Family Altar for New Believers

Family Altar for New Believers

From the Columbia Union ministerial institute.

By MARGARET COSBY, Bible Instructor, Paterson, New Jersey

Special joy thrills each Bible instructor's heart whenever she has helped a family to accept the truth. Another Christian home has become "an object-lesson, illustrating the excel­lence of the true principles of life," "to give to the world in their home life, in their customs and practises and order, an evidence of what the gospel can do for those who obey it."—Min­istry of Healing, pp. 352, 196.

How can the Bible instructor impress this great respOnsibility upon parents who accept the high standards of gospel truth? How can she help them, and also fathers or mothers so new in the faith, to mold their homes after the divine pattern? By helping these parents to build and maintain the family altar, a vitalizing, stabilizing influence will be provided that will establish that home in present truth and make it a staunch witness in the community.

Too many of the homes we visit today are prayerless homes. Many times the parents them­selves must be taught to pray before they can teach their children. The prayers of the worker in the home serve as object lessons in this re­spect. Studies on prayer and Christian home life lay the foundation on which the family altar will be built. As the regular Bible studies progress, parents and children should be en­couraged to pray audibly. Any problems rela­tive to the devotional program of the home is made the subject of earnest prayer and study.

Personal guidance is invaluable in establish­ing correct habits of family worship. The worker may at first meet with the family for Sabbath worship, perhaps leading out a few times. It helps these new Christians for the Bible instructor to suggest the procedure of worship, encouraging the younger members of the family to pray too. The father should be encouraged to exercise his office as priest of the home, leading his family in their daily sea­sons of worship.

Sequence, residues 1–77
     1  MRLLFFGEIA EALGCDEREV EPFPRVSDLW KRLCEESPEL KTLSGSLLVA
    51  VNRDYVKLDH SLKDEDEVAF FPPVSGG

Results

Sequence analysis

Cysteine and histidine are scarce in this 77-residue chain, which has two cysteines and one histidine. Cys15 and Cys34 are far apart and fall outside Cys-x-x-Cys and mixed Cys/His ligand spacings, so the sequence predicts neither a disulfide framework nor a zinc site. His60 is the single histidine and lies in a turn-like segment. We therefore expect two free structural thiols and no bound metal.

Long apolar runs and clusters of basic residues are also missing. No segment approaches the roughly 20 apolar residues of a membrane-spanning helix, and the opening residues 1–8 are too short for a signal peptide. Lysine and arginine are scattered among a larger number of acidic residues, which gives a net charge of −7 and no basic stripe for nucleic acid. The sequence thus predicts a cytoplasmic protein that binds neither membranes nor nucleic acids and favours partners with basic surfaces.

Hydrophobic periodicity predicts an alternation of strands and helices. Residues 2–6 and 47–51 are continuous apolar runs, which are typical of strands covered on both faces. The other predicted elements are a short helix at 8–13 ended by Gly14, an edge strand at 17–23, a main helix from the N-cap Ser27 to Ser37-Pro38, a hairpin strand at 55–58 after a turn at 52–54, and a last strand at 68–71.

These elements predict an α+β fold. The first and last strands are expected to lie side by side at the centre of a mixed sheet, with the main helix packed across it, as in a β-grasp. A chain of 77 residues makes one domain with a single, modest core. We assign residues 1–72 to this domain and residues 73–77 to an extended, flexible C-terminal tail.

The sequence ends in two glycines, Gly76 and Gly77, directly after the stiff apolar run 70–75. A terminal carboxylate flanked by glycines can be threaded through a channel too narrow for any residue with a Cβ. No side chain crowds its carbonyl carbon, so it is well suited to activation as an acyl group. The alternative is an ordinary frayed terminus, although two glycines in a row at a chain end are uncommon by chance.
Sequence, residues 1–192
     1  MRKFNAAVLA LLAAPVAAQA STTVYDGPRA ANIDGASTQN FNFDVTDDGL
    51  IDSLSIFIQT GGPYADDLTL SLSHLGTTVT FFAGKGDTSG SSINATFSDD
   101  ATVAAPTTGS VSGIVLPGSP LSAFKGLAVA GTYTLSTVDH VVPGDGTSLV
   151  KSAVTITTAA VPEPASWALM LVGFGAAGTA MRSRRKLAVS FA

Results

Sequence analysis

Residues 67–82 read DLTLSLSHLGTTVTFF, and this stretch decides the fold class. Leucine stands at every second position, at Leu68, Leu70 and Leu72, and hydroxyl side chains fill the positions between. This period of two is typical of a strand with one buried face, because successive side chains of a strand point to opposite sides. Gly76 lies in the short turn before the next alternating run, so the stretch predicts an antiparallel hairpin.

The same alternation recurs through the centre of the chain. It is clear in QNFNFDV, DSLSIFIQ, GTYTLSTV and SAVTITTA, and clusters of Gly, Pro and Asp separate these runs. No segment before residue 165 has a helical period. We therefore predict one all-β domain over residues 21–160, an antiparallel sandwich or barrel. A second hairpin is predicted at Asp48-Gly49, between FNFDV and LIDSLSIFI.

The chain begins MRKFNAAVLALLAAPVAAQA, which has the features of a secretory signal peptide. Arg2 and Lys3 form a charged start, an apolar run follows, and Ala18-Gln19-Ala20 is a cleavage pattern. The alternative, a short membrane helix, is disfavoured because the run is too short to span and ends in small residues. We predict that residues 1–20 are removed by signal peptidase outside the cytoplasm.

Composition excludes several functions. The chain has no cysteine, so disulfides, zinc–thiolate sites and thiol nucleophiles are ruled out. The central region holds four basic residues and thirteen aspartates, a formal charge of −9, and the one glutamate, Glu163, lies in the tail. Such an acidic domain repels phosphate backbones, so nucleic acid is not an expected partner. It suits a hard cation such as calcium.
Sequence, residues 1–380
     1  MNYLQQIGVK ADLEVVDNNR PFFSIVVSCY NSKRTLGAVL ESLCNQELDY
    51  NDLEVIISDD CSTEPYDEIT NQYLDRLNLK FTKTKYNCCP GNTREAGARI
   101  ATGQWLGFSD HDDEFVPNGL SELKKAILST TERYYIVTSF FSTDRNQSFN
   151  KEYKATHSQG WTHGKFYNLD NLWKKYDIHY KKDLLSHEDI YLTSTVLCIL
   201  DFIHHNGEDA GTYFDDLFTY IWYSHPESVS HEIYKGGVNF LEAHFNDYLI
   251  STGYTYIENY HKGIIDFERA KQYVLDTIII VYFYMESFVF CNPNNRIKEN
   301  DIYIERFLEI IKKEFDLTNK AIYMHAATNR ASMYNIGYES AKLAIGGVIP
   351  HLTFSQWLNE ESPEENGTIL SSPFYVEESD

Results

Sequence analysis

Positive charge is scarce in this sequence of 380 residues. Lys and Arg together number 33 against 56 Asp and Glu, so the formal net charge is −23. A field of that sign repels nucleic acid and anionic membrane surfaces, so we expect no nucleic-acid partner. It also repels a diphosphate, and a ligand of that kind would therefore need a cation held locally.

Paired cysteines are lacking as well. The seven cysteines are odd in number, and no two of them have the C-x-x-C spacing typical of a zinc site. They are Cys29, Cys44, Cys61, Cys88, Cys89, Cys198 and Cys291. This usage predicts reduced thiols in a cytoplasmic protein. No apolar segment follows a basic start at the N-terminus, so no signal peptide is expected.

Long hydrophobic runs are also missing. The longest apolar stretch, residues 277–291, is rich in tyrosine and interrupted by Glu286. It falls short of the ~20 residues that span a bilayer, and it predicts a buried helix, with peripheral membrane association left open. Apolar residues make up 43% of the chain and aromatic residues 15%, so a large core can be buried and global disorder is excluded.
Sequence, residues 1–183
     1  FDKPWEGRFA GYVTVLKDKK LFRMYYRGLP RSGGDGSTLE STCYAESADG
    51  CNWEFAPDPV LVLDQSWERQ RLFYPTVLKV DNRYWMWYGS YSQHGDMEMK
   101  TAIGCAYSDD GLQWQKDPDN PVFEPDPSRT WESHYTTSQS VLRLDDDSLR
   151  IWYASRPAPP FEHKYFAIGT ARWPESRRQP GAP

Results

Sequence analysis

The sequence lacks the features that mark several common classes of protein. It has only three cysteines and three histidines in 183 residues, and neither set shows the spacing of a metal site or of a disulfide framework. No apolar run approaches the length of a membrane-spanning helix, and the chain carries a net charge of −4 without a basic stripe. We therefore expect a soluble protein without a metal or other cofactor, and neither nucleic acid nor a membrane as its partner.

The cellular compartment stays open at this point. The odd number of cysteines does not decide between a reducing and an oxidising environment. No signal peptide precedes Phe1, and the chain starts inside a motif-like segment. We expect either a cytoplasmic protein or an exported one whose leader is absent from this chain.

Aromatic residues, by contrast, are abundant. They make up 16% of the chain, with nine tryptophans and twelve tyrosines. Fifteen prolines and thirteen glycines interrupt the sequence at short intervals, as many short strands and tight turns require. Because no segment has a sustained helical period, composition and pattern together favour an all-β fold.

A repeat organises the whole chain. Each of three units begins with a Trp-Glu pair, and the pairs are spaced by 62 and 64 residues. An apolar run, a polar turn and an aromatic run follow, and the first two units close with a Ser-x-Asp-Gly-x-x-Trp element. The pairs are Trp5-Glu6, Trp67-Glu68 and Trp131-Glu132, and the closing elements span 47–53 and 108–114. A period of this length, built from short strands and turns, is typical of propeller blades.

This can be done, even though the mother has not been baptized. And the mother who is alone in the truth cannot afford to lose this op. portunity of teaching her children to love God's Word and faithfully obey it. Prayerful plan­ning will bring tact and wisdom to know how to make the family altar a sanctifying influ­ence upon every person in the home, even be­fore the family is united in the faith.

Each family is to be encouraged to plan its own program of worship. We are blessed with a wealth of suitable material. We have not only our standard helps in the Morning Watch and Sabbath school lessons, but brief devotional articles in our many periodicals, and rich treasures in our denominational books. Let the pur­pose of the family altar govern every plan and let the basic principles of worship be carefully studied and followed. These following principles are clearly set forth by God's messenger.

1. A fixed, brief, but unhurried time for morning and evening worship.

2. "Let it be understood that into these hours no troubled, unkind thoughts are to intrude." Rather, they are to be "the sweetest and most helpful of the day," "the most pleasant and en­joyable," "intensely interesting."—Education, p. i86; Testimonies, vol. 7, p. 43.

3. The program is to be varied and appropri­ate for everyone, especially the younger chil­dren.

4. There must be careful preparation and planning. "To make such a service what it should be, thought should be given to prepara­tion. . . . It will require effort and planning." —Education, p. 186.

The purpose of family worship is as defi­nitely stated.

1. "To meet with Jesus, and to invite into the home the presence of holy angels."—Ibid., p. 186.

2. To seek pardon for sins committed, to pre­sent thanks and praise, and requests for needed blessings. (Patriarchs and Prophets, p. 364; Testimonies, vol. 7, p. 42.)

3. Consecration of parents and children to God for the day. (Testimonies, vol. 7, p. 44.)

4. To "make a hedge about their children . . . that holy angels will guard them." (Ibid., IL 43-)

5. To instruct the children how to become followers of the Lamb, to teach respect, rever­ence for God and divine things, discipline, thoughtfulness. (Ibid., vol. 5, pp. 423, 424.)

The home in which the family altar is estab­lished upon these sacred principles, will be a truly Christian home, exerting an influence "far more powerful than any sermon . . upon hu­man hearts and lives."—Ministry of Healing, p. 352. Parents so instructed and established will "work for their households, until with joy they can come to God saying, 'Behold I and the children whom the Lord bath given me.' "­Christ's Object Lessons, p. 197.

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By MARGARET COSBY, Bible Instructor, Paterson, New Jersey

June 1947

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